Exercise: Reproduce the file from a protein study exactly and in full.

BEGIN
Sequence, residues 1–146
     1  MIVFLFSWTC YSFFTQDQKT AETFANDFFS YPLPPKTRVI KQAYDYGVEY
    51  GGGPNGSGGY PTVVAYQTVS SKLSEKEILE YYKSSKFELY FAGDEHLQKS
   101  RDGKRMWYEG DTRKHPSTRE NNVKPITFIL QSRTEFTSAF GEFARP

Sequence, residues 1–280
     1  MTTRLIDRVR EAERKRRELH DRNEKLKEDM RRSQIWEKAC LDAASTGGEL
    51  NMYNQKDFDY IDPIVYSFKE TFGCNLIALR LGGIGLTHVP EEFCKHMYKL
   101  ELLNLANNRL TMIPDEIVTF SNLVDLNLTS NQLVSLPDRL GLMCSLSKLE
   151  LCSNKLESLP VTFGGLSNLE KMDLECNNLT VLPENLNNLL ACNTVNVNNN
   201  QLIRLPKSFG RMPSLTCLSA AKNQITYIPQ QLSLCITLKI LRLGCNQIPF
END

Sequence, residues 1–146
     1  MIVFLFSWTC YSFFTQDQKT AETFANDFFS YPLPPKTRVI KQAYDYGVEY
    51  GGGPNGSGGY PTVVAYQTVS SKLSEKEILE YYKSSKFELY FAGDEHLQKS
   101  RDGKRMWYEG DTRKHPSTRE NNVKPITFIL QSRTEFTSAF GEFARP

Sequence, residues 1–280
     1  MTTRLIDRVR EAERKRRELH DRNEKLKEDM RRSQIWEKAC LDAASTGGEL
    51  NMYNQKDFDY IDPIVYSFKE TFGCNLIALR LGGIGLTHVP EEFCKHMYKL
   101  ELLNLANNRL TMIPDEIVTF SNLVDLNLTS NQLVSLPDRL GLMCSLSKLE
   151  LCSNKLESLP VTFGGLSNLE KMDLECNNLT VLPENLNNLL ACNTVNVNNN
   201  QLIRLPKSFG RMPSLTCLSA AKNQITYIPQ QLSLCITLKI LRLGCNQIPF